Supreme’s ‘BLESSED’ Brings Skate Videos Back to Their Raw Roots

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Supreme’s ‘BLESSED’ Brings Skate Videos Back to Their Raw Roots

Supreme’s ‘BLESSED’ Brings Skate Videos Back to Their Roots

Wednesday night saw the London best of “BLESSED,” the 2nd full-length skateboard video by William Strobeck for Supreme. The long-awaited video eliminates all the typical skate video cliches from the previous years– no corny spoofs, no unique impacts, and no rolling shots of marble plazas in China. This is raw street skating at its core, and Strobeck has actually handled to photograph the pure ambiance of a tight-knit team session, instead of an unlimited succession of refined trick-after-trick runs.

If Supreme’s 2014 video “cherry” was appropriately called for popping the proverbial cherry of their young skate group to the world, then “BLESSED” might quickly have actually been called after ’90 s R&B crooners Boyz II Guys. The still-young team put together by Supreme have actually grown in strength, size, and self-confidence to all end up being pros on top of their video game.

Looking easily method cooler than any Supreme collectors who keep their box logo design Tee shirts in beautiful condition, skaters Na-Kel Smith (fresh out of a breakout function in Jonah Hill’s Mid-90 s), Sage Elsesser, Sean Pablo, Tyshawn Jones, Ben Kadow, Kevin Bradly, Rowan Zorilla, Aidan Mackey, Kevin Rodrigues of Parisian “The Blobys” team, Vincent Touzery, and Gregoire Cuadrado, all provide heavy striking areas to develop themselves as a really elite team.

There are cameos from a few of skateboarding’s finest– Elijah Berle, Gonz, Jerry Hsu, Grant Taylor, Spanky, Andrew Reynolds, Jason Dill, Corey Duffel, and even Supreme group supervisor Tino Razo all emerge– however it’s the “cherry” kids who blister through the 84- minute movie in a series of solo and shared parts. A bit like when Public Opponent and Anthrax signed up with forces to form a supergroup back in 1991, the Supreme skate group are a diverse lot of misfits who simply appear to get each other completely and gel together as a team.



Supreme.





There is a real bond in between these men who all love and assistance each other– exhibiting the very factor the majority of us entered into skateboarding in the very first location. This discovers so well in this specific video. By Strobeck just concentrating on their responses to a colleague landing a technique, it embodies the difficult nature of skating, basically constant failure followed by short lived success, a few of which is luckily commemorated on cam.

That hard-fought sociability feels much more real here than state, shots of unlimited high-fives that are popular in a great deal of current skate movies. It’s clear to see that Expense Strobeck has a practically adult pride over his young team when seeing his subtle honest minutes and technique accumulations adoringly provided in sluggish movement.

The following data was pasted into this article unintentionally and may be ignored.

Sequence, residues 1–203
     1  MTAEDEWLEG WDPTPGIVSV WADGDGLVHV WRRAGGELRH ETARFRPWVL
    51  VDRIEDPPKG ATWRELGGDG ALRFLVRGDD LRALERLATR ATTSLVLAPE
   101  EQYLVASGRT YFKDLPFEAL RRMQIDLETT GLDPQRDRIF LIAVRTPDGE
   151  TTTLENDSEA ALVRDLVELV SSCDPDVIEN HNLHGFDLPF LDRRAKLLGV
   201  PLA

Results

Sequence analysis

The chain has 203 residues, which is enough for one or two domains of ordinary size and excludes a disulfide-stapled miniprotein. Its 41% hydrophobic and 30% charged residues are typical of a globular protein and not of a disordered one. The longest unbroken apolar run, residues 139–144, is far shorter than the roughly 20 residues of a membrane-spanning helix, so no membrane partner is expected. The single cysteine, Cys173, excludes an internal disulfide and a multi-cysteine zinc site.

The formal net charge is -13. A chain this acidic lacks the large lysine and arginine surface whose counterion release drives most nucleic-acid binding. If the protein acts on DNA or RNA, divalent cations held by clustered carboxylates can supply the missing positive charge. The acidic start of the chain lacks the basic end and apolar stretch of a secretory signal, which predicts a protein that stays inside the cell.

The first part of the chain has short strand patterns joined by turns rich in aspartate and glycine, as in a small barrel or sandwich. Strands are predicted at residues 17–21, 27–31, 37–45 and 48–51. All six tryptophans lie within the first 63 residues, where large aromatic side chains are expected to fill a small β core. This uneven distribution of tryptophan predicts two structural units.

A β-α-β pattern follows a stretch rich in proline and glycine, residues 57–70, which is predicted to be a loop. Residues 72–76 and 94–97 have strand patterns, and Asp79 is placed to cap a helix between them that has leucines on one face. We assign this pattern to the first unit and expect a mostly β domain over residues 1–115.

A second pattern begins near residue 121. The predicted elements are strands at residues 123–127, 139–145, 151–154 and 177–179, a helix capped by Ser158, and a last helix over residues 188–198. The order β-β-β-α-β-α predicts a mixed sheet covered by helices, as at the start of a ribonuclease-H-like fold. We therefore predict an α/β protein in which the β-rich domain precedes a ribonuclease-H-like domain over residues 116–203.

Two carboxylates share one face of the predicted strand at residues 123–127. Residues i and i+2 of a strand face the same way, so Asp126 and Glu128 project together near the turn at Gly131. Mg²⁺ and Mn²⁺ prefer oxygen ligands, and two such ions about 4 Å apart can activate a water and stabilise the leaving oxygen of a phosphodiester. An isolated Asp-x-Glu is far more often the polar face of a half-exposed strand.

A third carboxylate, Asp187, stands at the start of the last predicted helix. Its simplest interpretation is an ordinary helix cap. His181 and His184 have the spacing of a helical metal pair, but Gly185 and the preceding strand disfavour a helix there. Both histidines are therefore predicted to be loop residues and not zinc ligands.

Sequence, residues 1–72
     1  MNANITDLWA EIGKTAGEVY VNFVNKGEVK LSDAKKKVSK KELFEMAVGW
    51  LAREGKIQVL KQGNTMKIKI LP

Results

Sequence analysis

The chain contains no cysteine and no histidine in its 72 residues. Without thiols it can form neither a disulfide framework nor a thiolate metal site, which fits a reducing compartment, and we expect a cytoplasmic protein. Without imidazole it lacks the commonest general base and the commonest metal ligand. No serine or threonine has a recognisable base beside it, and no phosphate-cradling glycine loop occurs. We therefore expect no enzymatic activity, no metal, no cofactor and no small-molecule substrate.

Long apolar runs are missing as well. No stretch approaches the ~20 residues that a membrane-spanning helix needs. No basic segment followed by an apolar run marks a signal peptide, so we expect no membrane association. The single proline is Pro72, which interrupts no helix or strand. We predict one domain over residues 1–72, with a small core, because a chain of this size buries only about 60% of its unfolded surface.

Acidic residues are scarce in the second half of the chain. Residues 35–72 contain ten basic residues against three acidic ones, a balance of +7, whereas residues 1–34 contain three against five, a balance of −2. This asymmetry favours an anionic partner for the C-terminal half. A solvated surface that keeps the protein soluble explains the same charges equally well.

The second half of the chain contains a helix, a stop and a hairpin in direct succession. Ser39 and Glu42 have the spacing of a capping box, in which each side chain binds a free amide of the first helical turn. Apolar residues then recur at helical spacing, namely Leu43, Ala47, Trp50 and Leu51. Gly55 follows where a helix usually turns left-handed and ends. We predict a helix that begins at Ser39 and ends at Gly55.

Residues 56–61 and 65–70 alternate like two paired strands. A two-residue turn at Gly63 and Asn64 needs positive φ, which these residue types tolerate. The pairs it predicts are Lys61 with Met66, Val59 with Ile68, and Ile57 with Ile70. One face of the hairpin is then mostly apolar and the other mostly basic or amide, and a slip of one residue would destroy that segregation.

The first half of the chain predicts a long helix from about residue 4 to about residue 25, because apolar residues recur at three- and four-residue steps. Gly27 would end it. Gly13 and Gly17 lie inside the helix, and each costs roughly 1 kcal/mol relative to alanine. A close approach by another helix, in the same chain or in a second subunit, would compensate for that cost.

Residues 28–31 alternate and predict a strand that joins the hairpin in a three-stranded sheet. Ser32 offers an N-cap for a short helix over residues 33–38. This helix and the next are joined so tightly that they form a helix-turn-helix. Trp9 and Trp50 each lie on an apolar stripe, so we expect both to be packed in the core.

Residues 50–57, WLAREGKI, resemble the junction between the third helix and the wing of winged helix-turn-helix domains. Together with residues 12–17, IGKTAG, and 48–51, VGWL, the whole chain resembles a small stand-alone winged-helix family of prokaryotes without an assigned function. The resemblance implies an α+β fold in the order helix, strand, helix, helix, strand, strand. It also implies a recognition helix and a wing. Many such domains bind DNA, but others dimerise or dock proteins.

Speaking With Expense prior to the screening, he informed me that “BLESSED” had actually been a real labour of love for the previous 2 and a half years, and it appears throughout the movie. The exceptional music choice matches each part so well (Smashing Pumpkins for Ben Kadow, Rick Ross for Tyshawn Jones) and the somewhat rough result on the movie provides it a more dreamy and unwinded seeing experience than a slick assault of action.

Lots of people might feel that Supreme has actually ended up being a more of a poser brand name for the abundant and popular over current years, however that argument fails when you see this video and see simply just how much time, loan, and devotion they have actually taken into their group, their filmmakers, and skateboarding itself. To make a complete length skateboard video that runs at a tremendous 84 minutes, and after that offer it on a physical DVD in 2018 is an amazing accomplishment. Yet, it likewise strengthens the concept that Supreme can actually offer anything it puts its identifiable mark on. However the enthusiasm, quality, and gravitas of this movie bring far more weight than a bag of Supreme-branded bricks.



Supreme.

Whether the New york city brand name teams up with high-end style homes such as Louis Vuitton or stamps their notorious Box Logo design on anything from pinball devices to teddy bears, they will constantly have skateboarding at their core. In this method, “BLESSED” provides a bold middle finger (just like Sean Pablo on the movie’s discount poster and Tee shirts) to the brand name’s critics.

It assists expand the significance behind package logo design, and makes it clear that in spite of its increasing appeal and popular culture presence– from Netflix programs to Apple commercials— Supreme stays stuck in skate culture’s “Fuck ’em!” mindset. Nearly 25 years after opening a little skate shop on New york city’s Lafayette Street, Supreme are still doing precisely what they desire without any compromises. So behind the unlimited lines and pumped up resale rates, very little has actually actually altered because 1994.

Supreme “BLESSED” by William Strobeck launches on iTunes and DVD today, November23 Get it on iTunes here

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Author of Highsnobiety’s routine column “The Supreme Weekly,” Ross has actually been down with the NY team because 1994 and has substantial understanding of the brand name’s impacts and referrals.

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